• Does it hurt the secular world's view of the moral authority of the Church?

Of course it does. I'd be an idiot to say otherwise.

Nevertheless History is history and BELIEVERS, have to remember that Our Blessed Lord built
HIS CHURCH on St. Peter and his successors and said the gates of Hell would not prevail against it [on issues of official faith and morals]. (Matthew 16:13-20).

  • with bad, scandalous, embarrassing behavior, Yes!
  • with false Teachings, No!

Unbelievers, or cafeteria (pick and choose) catholics just go through the motions for convenience; they have to except the WHOLE faith and defend it; even in rough times.

You said:
But in the sex abuse scandal it has no rationales, not even one which resembles Pope John II's apologies where he blamed members of the Church rather than the Church itself for past misdeeds.

That's because grievous, horrific behavior against children cannot be defended. When Our Blessed Lord created man and woman, he gave them free will. This included free will to do stupid, sinful things; outside the Church as well as inside.

If Catholic seminaries are not places of holiness: 24/7, the Catholic spirituality of the United States will plummet.

In my humble opinion, the two vocations that will have the hardest particular judgment are:

  • Catholic seminary teachers and
  • Journalism professors from academia.

These two vocations can either make the world a much better place or far worst. Everyone should pray for this two special vocations.

Hope this answers your question.

Mike

James replied:

Dear Mike:

I thank you for your response, but like George Weigel's article in the current issue of Newsweek, it seems to me to ignore the elephant in the house. Either the Church is the mystic body of Christ or it is not. If the Church is like any other earthly institutions then I agree, it has done a first rate job in cleaning up the sexual abuse mess and taking steps to prevent its recurrence, but if it is just another earthly institution, then its claim to be infallible on matters of faith and morals is also kaput.  If it is the mystical body of Christ, then the Church, as a holy institution, has completely betrayed the children entrusted to its care.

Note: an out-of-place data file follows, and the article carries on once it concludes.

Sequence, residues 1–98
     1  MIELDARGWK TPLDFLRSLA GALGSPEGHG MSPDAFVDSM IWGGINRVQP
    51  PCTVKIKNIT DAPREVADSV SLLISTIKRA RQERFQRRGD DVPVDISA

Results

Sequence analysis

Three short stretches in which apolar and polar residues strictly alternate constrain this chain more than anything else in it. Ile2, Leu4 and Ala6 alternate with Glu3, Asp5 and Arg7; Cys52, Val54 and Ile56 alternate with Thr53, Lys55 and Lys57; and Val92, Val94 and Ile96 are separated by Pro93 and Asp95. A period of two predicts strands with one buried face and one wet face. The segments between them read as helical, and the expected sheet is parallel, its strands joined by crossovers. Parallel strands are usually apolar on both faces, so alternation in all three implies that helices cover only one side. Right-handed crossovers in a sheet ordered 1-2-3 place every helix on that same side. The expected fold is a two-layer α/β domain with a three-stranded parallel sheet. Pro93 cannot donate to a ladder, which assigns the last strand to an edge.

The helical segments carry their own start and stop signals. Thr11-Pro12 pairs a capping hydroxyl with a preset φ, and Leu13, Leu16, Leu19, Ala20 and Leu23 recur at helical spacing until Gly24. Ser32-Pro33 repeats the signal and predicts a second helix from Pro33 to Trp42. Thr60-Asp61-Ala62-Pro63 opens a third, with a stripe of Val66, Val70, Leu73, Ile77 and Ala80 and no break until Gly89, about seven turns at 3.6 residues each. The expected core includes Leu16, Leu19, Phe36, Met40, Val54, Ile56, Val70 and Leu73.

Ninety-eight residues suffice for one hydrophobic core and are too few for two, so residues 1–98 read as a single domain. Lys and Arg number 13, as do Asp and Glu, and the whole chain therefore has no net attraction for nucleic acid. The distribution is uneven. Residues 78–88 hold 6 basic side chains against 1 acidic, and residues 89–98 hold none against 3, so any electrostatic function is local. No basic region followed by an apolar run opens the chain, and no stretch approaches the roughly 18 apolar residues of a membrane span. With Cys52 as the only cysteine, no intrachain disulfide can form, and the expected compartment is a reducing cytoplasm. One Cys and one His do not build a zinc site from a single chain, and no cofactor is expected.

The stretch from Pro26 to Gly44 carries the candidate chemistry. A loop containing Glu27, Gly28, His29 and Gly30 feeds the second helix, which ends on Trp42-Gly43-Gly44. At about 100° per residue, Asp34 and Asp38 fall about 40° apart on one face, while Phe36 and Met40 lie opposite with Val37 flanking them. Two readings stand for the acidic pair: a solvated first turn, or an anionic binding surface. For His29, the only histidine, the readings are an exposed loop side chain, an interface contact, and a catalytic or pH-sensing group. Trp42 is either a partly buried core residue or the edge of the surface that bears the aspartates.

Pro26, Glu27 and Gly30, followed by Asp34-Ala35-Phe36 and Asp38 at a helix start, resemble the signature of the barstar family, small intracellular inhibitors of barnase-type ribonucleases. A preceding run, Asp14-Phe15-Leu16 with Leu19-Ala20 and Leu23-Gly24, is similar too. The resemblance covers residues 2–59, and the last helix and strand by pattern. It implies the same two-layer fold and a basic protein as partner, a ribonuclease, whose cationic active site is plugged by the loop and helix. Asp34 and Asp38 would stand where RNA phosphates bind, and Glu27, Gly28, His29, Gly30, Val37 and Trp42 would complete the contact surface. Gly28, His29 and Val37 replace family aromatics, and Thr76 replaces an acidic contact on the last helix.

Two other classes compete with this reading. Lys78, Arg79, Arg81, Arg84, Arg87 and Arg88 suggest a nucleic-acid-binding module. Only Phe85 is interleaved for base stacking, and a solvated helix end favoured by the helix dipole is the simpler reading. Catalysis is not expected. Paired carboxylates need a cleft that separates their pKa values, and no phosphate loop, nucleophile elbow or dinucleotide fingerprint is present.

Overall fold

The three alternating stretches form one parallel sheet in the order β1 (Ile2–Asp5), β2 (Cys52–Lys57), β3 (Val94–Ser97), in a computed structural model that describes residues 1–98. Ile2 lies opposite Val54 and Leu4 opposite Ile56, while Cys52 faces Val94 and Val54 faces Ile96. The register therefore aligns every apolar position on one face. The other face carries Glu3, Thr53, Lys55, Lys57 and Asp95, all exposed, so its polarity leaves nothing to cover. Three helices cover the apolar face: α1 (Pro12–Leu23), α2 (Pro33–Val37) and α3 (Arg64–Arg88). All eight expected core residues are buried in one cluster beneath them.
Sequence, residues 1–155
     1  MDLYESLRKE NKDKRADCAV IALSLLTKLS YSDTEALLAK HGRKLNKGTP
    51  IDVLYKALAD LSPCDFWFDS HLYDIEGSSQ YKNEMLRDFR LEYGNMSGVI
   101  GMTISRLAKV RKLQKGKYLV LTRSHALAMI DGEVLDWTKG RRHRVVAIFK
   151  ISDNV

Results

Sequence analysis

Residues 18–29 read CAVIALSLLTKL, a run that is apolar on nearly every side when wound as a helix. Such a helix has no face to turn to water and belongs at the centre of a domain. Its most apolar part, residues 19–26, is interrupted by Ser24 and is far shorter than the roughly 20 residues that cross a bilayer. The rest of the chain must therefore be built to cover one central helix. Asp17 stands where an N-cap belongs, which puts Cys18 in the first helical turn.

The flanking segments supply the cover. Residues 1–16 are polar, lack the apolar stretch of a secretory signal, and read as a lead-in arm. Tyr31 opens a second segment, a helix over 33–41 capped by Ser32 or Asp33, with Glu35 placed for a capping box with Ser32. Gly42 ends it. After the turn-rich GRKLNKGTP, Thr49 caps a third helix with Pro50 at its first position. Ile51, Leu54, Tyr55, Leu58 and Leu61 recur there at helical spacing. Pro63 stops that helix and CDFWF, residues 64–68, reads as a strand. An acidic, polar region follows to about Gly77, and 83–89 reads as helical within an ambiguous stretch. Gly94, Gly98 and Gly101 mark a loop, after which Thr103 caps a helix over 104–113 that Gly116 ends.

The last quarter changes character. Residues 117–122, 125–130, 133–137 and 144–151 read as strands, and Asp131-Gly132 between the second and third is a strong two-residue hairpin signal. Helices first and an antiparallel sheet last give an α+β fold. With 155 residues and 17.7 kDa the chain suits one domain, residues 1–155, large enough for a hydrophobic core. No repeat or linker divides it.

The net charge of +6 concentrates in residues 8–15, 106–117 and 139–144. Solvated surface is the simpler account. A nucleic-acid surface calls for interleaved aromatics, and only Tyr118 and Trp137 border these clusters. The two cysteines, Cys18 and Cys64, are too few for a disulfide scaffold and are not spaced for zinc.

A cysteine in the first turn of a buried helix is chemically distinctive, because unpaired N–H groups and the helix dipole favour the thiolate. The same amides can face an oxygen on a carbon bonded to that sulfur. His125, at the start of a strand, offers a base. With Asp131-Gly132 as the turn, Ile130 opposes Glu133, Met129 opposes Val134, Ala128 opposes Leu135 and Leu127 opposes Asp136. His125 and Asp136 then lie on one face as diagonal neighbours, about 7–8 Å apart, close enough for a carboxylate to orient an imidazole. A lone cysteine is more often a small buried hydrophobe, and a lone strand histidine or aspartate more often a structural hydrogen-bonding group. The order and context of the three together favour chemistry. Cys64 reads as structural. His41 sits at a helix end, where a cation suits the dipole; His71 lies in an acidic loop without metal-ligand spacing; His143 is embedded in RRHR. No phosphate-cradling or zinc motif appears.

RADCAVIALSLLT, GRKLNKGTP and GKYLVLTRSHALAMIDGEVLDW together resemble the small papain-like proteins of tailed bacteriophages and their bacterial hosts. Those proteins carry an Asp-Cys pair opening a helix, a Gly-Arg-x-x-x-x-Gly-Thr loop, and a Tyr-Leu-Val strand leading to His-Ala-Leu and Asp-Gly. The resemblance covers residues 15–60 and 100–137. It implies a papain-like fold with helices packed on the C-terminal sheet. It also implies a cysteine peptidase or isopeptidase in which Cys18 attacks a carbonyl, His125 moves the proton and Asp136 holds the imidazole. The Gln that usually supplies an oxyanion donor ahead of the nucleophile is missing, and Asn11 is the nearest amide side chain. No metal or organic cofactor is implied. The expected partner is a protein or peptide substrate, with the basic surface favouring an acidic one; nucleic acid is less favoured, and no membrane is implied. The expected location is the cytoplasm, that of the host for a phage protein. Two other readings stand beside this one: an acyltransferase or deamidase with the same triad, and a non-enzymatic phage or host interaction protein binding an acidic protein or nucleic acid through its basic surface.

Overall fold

Jim Blinkoff

Mike replied:

Hi, Jim —

You have to separate the morality of the Church's Teachings from the morality of its members, not only among the clergy, but among the faithful as well. Back in Genesis, when God created man and woman, he created them with free will to do good or evil.

That was his idea, not ours. If you can show me where the Church's official teachings are less then Christian you have a point.

Remember though, infallibility is a NEGATIVE SAFEGUARD.

  • It doesn't mean the Pope or bishop's in union with him will always say the best, most holiness thing.
  • It doesn't mean the pope will always make the best choices for bishops.

It means that the Holy Spirit will protect him, only the Pope, from teaching doctrinal errors in his official capacity as Pope.

Make sense?

Mike

Jim replied:

Mike:

Thank you for your response. I do have a further question which is raised by your response:

If the Holy Spirit protects the Pope and bishops from making doctrinal error on matters of faith and morals were not the parents and children themselves entitled to believe and act upon the assumption that the Holy Spirit would protect the children from abusive actions of priests?

Jim

Mary Ann replied:

Humanly speaking, children and parents should have the reasonable expectation that ministers of God will act in a godly manner, as they should have a reasonable expectation that teachers will act in an edifying manner, but there is no divine guarantee that a person will not commit a sin, even for priests. That is the great mystery — how evil and free will can co-exist with an omnipotent and absolutely good God.

Job solved it by knowing God and trusting him, without denying the evil. Christ took the solution further: He says that He has overcome the world, and we can trust Him for justice in the end, and to bear in us and with us the evils of this world, and to use them for His good purpose.

Mary Ann

Jim replied:

Thank you, Mary Ann.

I concur, except that teachers do not claim that the institution they represent is the mystical Body of the Lord. As I said in my original question, in my view Job's final response to God was a copout and inconsistent with earlier portions of the Book of Job.

While I agree that the ability of evil and free will to co-exist is a great mystery, I also believe God should have done a better job in making the rationale for that coexistence clearer to man either through Christ or otherwise.

Jim